Cover The Roots With Mulch
Air pruning only dries off roots when there’s less humidity. Covering the exposed with mulch inhibits moisture loss from the roots and protects the roots from the direct glare of lights.
This enables them to survive harsh environmental conditions. They’ll continue living and functioning for the benefit of the plant.
Another good thing with mulching is that it helps you reduce watering frequency because moisture loss from the medium is slower.
Mulching also makes it easier to find bugs that could spoil your plant. Flip the mulch in the morning and check beneath. If there are bugs in your grow, you’ll find them under the mulch.
Tip: Whatever you decide to do, ensure you aerate the grow medium. Protruding roots is the plant’s outcry for help. By aerating the medium, you’re attending to the entire plant— not just the affected roots!
What You Shouldn’t Do To The Exposed Roots
Exposed roots aren’t welcome, but how you handle them can either hurt your plant further or save them. Here are a few things you shouldn’t do;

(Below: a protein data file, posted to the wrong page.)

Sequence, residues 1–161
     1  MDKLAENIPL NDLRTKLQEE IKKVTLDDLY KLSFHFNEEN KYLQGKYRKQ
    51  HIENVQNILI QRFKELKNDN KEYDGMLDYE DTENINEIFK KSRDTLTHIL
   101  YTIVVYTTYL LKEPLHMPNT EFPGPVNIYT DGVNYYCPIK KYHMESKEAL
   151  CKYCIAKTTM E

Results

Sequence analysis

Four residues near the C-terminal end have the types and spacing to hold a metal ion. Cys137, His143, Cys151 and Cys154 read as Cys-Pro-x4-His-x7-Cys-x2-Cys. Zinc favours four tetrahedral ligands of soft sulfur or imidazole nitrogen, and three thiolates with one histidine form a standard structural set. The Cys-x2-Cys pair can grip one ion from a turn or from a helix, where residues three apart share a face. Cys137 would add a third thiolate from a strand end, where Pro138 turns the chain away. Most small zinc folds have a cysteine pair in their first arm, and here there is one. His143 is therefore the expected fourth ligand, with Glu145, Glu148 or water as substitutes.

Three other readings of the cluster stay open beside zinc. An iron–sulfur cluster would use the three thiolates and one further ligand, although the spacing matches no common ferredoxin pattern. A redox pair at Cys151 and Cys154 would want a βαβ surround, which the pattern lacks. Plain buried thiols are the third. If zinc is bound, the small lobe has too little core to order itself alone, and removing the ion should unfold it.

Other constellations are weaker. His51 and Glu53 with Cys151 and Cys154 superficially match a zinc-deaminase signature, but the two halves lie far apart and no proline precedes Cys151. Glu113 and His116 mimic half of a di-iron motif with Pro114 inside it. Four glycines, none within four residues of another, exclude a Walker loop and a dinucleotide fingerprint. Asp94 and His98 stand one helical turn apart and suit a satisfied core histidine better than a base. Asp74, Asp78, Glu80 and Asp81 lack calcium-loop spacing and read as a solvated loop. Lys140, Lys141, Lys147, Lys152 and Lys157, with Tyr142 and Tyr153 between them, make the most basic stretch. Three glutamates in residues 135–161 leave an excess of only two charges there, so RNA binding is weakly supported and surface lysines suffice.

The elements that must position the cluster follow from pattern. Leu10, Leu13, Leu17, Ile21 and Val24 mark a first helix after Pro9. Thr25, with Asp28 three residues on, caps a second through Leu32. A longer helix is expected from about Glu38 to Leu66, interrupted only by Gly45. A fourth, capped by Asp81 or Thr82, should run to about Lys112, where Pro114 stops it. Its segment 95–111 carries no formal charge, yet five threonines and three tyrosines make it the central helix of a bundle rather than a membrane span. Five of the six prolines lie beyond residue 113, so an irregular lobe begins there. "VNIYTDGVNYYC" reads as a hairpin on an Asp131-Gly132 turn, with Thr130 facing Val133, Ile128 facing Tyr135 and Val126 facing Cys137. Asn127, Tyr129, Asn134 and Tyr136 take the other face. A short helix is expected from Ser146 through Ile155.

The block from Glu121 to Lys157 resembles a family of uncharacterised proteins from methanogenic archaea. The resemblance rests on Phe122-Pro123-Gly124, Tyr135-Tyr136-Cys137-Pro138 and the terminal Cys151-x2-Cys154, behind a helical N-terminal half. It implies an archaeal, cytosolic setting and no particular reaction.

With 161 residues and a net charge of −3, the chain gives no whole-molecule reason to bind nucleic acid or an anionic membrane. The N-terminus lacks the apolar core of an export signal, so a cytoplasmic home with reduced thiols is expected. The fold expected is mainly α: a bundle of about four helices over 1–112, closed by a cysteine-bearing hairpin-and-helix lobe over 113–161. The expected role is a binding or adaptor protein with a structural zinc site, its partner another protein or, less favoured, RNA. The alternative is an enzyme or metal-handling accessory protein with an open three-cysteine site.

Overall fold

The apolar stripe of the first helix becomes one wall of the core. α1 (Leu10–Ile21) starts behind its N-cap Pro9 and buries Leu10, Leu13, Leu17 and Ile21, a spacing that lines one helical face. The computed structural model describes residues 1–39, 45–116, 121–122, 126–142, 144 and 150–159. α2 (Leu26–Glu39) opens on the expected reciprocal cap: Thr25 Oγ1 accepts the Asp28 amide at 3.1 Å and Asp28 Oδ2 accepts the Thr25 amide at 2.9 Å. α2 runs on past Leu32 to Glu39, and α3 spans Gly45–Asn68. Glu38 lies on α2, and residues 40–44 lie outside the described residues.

Cutting the roots—When you cut the roots, you create new wounds that the plant will need to heal. The stress can be overwhelming for the plant.
Submerge them in water— the roots aren’t growing on the surface for water. Even though they might look dry, they do not need to be underwater. Submerging them in water only lays the ground for root rot, worsening the problem.
In summary, cannabis roots growing on top of soil need oxygen. Every living thing will gasp for air when enclosed in an airtight dome. The roots growing above the ground attests to the plant’s desperate attempt to end the near-death suffocation below the medium.
If you leave the roots in the open air, they will be air pruned, killing them and forcing the plant to make more roots.
Cover them with mulch, transplant them, or add another layer of grow medium on top.
Covering them helps keep roots moist, thus inhibiting air pruning while transplanting them adds more space for optimum growth.